Although most monitoring of pest resistance to widely cultivated transgenic crops producing insecticidal proteins from Bacillus thuringiensis (Bt) relies on bioassays, DNA screening for alleles associated with resistance has some advantages, particularly for rare, recessively inherited resistance. In China's Yangtze River Valley, where farmers first planted transgenic cotton producing Bt toxin Cry1Ac in 2000, bioassays have been used to monitor the recessive resistance of pink bollworm (Pectinophora gossypiella). Previous bioassay results show a small but significant increase in resistance to Cry1Ac during 2008–2010, followed by a significant decrease in resistance during 2011–2015 associated with extensive planting of second‐generation hybrid cotton seeds that boosted the percentage of non‐Bt cotton. Here we screened DNA from 19 748 pink bollworm collected during 2012–2015 from the Yangtze River Valley for seven alleles associated with resistance to Cry1Ac. These alleles were previously identified from lab‐selected strains; three from the U.S. and four from China.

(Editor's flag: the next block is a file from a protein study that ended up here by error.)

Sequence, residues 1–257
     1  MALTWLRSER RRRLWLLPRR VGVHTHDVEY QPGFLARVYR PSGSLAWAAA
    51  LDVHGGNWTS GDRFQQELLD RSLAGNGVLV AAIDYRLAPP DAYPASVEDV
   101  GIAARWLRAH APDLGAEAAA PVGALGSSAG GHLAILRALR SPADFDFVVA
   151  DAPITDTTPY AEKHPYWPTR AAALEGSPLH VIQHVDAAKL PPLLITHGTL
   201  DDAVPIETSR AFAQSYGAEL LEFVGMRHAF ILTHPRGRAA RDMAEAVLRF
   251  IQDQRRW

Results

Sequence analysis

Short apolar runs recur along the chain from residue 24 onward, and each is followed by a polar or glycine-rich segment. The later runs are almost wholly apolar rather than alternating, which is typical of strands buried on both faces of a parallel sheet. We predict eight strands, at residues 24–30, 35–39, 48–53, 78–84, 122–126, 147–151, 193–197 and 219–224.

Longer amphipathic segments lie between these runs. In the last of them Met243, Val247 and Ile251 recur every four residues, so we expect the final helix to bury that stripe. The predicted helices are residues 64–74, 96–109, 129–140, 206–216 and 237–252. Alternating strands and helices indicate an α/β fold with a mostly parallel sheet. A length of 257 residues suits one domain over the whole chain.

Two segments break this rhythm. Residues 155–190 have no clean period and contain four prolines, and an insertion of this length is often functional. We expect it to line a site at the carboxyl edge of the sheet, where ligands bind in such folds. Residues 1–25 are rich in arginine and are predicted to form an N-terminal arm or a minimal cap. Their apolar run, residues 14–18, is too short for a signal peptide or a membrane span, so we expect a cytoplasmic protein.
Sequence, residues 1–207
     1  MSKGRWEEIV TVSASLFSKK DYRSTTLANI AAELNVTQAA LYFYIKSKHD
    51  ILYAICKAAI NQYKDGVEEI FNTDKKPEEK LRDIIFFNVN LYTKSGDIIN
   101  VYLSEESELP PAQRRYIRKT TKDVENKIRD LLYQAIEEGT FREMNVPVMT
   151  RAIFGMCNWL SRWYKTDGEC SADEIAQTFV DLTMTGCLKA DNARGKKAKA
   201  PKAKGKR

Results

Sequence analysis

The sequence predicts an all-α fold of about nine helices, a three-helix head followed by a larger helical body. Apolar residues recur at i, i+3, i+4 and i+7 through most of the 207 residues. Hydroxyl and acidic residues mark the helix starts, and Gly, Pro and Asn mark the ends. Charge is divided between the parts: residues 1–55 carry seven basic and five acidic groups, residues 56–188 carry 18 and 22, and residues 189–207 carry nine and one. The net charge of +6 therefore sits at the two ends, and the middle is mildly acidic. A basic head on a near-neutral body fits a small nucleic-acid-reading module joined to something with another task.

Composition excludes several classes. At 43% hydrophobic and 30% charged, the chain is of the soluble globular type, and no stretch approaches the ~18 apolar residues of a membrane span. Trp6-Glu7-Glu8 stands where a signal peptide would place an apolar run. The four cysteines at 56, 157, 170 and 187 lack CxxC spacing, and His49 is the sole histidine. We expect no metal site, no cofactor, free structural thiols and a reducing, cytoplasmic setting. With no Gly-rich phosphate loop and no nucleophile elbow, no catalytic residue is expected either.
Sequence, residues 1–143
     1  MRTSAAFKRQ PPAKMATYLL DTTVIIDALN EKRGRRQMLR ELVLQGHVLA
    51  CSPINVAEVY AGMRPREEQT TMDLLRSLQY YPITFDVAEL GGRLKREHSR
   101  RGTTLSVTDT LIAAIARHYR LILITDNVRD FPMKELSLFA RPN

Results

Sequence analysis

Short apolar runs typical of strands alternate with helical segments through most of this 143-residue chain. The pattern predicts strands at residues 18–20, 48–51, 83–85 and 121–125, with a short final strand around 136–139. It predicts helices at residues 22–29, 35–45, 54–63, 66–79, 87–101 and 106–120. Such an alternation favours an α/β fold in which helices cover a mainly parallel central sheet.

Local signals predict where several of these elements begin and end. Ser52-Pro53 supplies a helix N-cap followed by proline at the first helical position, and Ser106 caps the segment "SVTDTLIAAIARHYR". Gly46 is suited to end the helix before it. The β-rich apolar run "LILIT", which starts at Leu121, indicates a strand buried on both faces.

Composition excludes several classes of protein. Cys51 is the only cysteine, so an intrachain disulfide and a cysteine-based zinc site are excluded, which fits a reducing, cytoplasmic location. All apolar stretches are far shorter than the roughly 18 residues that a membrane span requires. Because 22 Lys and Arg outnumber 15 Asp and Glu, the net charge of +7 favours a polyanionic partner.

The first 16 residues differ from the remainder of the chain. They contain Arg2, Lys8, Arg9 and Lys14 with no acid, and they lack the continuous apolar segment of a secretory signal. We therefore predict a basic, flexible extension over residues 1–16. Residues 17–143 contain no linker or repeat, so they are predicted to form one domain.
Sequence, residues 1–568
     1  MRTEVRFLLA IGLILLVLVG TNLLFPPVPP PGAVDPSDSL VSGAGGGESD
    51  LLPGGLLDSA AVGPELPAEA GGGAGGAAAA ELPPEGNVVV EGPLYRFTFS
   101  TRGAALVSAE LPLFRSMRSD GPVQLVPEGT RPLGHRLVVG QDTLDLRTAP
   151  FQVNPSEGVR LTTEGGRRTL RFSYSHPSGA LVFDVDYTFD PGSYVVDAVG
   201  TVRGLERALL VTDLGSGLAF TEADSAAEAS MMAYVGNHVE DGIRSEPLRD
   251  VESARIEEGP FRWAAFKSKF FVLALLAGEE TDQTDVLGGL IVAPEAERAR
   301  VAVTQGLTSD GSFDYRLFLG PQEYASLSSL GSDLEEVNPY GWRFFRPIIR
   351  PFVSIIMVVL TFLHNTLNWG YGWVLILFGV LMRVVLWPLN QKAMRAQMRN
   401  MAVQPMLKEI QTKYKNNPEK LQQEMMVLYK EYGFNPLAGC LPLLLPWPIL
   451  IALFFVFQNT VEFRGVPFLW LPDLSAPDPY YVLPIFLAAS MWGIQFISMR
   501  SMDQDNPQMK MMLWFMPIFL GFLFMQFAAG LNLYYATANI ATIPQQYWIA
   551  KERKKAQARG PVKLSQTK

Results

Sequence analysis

The most common resistance allele was first identified from the U.S. and accounted for over 71% of all resistance alleles detected. Resistance was rare, with the total frequency of the seven resistance alleles showing a significant, 2.3‐fold decrease from 0.0105 (95% CI: 0.0084–0.0132) in 2012 to 0.0046 (0.0031–0.0067) in 2015.
Financed by the National Centre for Research and Development under grant No. SP/I/1/77065/10 by the strategic scientific research and experimental development program:
SYNAT - “Interdisciplinary System for Interactive Scientific and Scientific-Technical Information”.